Of course, Java itself doesn't know what to do with perl methods - that's where JPL helps. One major component of JPL is its preprocessor, which analyzes your source code (which must reside in a .jpl file) and generates a .pl file, a .java file, a .c file, and an .h file. The perl methods become native methods within the .java file, and the .pl file ends up containing the actual Perl methods. (In Java, a native method is a function implemented in some other program, probably in C or some other platform-dependent fashion.) The .c and .h files contain the native methods that bridge between Java and Perl. These are compiled into a platform-dependent shared library. Fortunately, the JPL kit includes a Makefile template that does all this work for you, so you only need to write your jpl file, copy in the Makefile, and type make.
To use JPL, you must have built Perl as a shared library, and you must be using your comptuer's malloc(), as opposed to the malloc() that comes with Perl. In addition to the preprocessor, JPL includes a number of other components:
The libPerlInterpreter Shared Library. This shared library is the glue between the Java language and the libperl shared library. This enables Java to create an instance of the Perl interpreter.
The JNI Module. This is a Perl module that provides an interface to the Java Native Interface (JNI). It offers access to many aspects of Java, allowing you to call into Java, create Java objects, and access other internal features of a Java Virtual Machine.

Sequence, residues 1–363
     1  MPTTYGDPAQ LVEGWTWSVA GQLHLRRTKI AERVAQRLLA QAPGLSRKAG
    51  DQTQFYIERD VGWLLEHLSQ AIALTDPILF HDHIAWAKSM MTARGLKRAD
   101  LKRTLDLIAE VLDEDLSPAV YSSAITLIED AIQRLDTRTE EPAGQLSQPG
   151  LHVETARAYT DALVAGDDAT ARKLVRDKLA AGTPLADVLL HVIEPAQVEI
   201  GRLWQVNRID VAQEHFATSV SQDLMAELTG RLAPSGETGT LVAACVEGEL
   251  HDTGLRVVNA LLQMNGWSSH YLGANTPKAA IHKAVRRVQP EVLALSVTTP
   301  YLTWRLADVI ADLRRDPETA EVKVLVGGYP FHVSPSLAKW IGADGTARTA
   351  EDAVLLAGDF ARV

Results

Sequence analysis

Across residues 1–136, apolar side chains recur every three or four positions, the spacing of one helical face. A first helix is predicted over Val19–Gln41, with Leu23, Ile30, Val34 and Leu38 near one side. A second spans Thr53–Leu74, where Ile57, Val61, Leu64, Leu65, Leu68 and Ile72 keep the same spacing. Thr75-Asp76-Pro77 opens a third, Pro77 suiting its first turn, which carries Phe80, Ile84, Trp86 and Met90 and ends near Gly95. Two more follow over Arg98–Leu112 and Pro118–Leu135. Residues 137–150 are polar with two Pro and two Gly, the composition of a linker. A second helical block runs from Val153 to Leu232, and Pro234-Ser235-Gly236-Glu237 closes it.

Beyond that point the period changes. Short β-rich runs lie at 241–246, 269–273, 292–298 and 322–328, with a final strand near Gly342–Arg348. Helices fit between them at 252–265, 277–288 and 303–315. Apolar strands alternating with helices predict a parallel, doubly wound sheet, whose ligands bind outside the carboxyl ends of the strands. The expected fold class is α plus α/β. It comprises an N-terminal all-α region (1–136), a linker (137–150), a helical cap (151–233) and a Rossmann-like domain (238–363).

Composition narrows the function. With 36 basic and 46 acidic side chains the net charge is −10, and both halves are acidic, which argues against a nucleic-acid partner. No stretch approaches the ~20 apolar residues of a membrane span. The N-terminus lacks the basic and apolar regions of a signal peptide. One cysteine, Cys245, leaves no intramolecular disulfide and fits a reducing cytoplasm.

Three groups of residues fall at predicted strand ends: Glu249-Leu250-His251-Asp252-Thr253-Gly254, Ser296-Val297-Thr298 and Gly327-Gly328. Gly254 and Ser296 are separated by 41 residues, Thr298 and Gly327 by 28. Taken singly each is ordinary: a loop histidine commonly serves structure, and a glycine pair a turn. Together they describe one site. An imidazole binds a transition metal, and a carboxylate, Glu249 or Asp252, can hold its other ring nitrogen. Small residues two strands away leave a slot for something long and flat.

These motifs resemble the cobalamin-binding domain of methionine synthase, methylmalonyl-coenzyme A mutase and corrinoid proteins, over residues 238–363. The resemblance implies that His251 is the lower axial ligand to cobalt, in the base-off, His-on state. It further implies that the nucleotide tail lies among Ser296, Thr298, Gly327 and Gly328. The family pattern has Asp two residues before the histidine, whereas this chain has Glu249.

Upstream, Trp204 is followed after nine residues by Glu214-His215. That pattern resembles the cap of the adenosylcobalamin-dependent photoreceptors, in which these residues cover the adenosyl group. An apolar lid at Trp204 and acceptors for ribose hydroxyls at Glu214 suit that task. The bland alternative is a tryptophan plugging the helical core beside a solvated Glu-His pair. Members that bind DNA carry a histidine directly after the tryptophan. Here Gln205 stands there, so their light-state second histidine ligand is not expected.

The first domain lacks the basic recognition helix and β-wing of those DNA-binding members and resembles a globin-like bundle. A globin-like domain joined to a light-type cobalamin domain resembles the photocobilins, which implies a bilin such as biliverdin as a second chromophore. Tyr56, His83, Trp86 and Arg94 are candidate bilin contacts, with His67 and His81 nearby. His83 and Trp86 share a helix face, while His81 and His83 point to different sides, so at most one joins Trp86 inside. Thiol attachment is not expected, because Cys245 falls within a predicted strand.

The JPL::Class and JPL::Autoloader Modules. These modules allow your Perl methods to load and instantiate Java classes at runtime. The Autoloader performs the necessary magic to determine which method you really wanted - unlike Perl, Java provides support for implicit method overloading. This means that there can be several different methods with the same name, differentiated only by the type and number of arguments that each method accepts.
Although JPL provides a lot of goodies on the Perl side, the current release of the JDK includes a user-level thread package that makes it impossible to use parts of the Java API (such as AWT, the Abstract Windowing Toolkit) when Java is embedded somewhere else. This is because the green threads package overrides some system calls, such as those involving I/O. (The Solaris version of Java (and versions of Java based on it) uses a user-level threading package called "green threads," instead of native threads, so that it can pretend to be a single-threaded process from the operating system's perspective. This has two drawbacks: first, the green threads package doesn't make effective use of multiprocessor machines; and second, if green threads use blocking I/O, the entire process blocks. That's why green threads work in conjunction with an I/O manager that converts all blocking I/O calls to nonblocking equivalents.) As a result, it is suggested that anything you write with JPL involve Perl code embedded in Java. Happily, you can call back into Java code from embedded Perl code without worrying about the overridden system calls. I have found that this model works quite well for JPL development.
Before you can create a Java object from within Perl, you must import the class definition with a use JPL::Class 'classname' statement:
use JPL::Class 'java::awt::Button';
You can supply a list of classes as well:
use JPL::Class qw(java::awt::Button java::awt::Frame);